Working for a trade deal for businessApril 6, 2018
A year on from Article 50 being triggered, we were delighted to offer members the opportunity to engage with Prof L Alan Winters, Director of UK Trade Policy Observatory, and Stephanie Flanders of Bloomberg, at a discussion hosted by Linklaters.
Prof. Winters was quick to set out that the EU summit 22-23 March had drastically reduced the likelihood of the UK leaving the EU in March 2019 without a deal, establishing some certainty for business. Nevertheless, the shape and timing of a future trade deal cementing the new relationship between the EU and the UK was still deemed unclear.
Winters reasoned that as long as the UK is not prepared to accept its obligations for the benefits of the EU single market the EU was unlikely to agree a future deal. It was contended that both the UK and the EU have a great interest in achieving a level of clarity, but that an agreement won’t be detailed by March 2019.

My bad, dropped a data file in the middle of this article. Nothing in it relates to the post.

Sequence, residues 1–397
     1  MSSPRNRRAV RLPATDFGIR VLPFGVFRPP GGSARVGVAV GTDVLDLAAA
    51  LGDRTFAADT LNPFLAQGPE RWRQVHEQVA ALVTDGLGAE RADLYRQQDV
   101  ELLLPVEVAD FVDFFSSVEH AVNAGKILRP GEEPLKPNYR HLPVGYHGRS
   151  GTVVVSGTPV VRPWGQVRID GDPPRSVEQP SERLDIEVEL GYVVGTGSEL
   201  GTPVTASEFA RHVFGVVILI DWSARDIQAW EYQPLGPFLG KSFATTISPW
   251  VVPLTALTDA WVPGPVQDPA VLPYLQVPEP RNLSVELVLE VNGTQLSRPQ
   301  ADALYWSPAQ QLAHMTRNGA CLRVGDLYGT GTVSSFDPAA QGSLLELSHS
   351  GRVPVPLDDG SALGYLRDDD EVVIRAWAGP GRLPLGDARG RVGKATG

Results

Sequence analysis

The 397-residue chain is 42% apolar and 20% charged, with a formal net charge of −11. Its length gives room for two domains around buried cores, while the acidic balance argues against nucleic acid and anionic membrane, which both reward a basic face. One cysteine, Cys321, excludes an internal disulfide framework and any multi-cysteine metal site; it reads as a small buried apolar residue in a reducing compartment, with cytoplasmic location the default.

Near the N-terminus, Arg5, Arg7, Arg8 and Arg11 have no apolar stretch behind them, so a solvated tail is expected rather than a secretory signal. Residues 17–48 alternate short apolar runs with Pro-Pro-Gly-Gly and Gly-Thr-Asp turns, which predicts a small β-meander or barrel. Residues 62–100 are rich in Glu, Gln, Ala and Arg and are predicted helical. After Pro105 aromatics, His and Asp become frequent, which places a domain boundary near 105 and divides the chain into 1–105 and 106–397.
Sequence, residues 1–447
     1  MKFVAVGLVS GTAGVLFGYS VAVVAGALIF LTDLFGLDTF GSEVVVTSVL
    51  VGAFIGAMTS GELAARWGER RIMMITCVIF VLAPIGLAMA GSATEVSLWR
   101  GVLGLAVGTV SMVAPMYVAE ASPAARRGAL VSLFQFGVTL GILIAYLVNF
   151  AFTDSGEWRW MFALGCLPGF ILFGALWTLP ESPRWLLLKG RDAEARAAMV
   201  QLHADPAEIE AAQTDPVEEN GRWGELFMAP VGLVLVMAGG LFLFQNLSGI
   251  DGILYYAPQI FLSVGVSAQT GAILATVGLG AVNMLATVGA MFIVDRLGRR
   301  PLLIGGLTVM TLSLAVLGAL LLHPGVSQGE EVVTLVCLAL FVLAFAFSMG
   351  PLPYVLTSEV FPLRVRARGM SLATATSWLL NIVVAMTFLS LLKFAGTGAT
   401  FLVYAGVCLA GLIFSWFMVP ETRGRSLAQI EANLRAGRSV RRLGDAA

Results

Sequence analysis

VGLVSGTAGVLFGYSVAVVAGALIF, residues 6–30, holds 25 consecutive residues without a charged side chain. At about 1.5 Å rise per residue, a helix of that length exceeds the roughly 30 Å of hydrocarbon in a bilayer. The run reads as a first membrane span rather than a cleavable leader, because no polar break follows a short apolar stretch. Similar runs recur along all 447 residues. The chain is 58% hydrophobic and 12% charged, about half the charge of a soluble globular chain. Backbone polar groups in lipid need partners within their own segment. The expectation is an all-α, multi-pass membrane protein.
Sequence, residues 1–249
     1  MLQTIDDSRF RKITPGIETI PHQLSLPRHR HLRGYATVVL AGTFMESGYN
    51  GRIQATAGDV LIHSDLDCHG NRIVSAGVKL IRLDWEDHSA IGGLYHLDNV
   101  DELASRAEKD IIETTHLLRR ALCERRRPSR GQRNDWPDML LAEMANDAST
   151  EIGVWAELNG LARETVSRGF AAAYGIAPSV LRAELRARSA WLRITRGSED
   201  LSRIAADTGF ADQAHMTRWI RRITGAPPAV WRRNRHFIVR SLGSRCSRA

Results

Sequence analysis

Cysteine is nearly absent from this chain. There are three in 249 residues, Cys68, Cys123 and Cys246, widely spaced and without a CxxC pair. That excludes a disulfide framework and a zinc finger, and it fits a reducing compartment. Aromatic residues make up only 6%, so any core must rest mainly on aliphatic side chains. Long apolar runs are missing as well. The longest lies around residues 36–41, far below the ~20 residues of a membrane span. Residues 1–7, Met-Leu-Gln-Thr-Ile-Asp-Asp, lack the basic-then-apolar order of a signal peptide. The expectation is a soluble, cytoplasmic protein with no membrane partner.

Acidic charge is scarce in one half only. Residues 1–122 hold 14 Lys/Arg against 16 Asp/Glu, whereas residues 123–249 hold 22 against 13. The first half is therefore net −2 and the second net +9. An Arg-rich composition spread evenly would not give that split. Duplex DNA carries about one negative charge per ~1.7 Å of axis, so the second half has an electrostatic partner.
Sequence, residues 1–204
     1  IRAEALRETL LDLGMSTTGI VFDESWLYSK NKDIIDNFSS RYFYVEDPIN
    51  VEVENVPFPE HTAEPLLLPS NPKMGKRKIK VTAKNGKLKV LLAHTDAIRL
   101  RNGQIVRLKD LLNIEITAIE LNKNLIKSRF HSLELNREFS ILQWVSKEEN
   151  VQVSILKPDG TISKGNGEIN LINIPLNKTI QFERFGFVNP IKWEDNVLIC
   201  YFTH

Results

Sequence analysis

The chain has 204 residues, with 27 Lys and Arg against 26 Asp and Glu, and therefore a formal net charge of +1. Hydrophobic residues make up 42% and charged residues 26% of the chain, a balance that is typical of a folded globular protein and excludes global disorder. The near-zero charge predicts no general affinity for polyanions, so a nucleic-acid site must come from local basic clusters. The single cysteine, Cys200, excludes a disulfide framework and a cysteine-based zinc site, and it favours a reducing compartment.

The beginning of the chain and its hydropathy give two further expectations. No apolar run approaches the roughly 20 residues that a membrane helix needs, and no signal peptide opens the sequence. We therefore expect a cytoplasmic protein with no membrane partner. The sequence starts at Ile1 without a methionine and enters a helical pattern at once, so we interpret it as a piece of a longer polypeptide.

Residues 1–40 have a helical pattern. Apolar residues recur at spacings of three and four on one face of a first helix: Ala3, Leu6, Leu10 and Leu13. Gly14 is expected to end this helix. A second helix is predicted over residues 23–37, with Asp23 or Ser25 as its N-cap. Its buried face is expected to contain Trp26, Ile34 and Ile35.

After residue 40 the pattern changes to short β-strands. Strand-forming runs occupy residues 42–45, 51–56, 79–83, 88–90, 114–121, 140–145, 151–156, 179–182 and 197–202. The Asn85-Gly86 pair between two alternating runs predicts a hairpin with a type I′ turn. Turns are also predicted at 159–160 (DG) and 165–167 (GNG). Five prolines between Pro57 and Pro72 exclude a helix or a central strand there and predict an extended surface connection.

Winters focused on the intricate details of the difficulties of service trade agreements, as no trade agreements besides the EU provide the special kind of deal on financial services as sought by the UK government in the negotiations.
For businesses to keep running smoothly, Winters argued that staying in the UK customs union is an absolute necessity. Attributes of the single market, like regular alignment between markets, are however just as important, as the two systems “were designed together; if you are only in one you only have a quarter of the benefit.”
Professor Winters and Stephanie Flanders closed the session stating that businesses must make their needs and possible adverse effects of leaving the EU known to government to get a deal that works for business.
Read about our efforts the past year and our priorities in the negotiations here.
Sophia Wolpers, Brexit Policy Officer, and Natasha Ryan, Brexit Campaigns Manager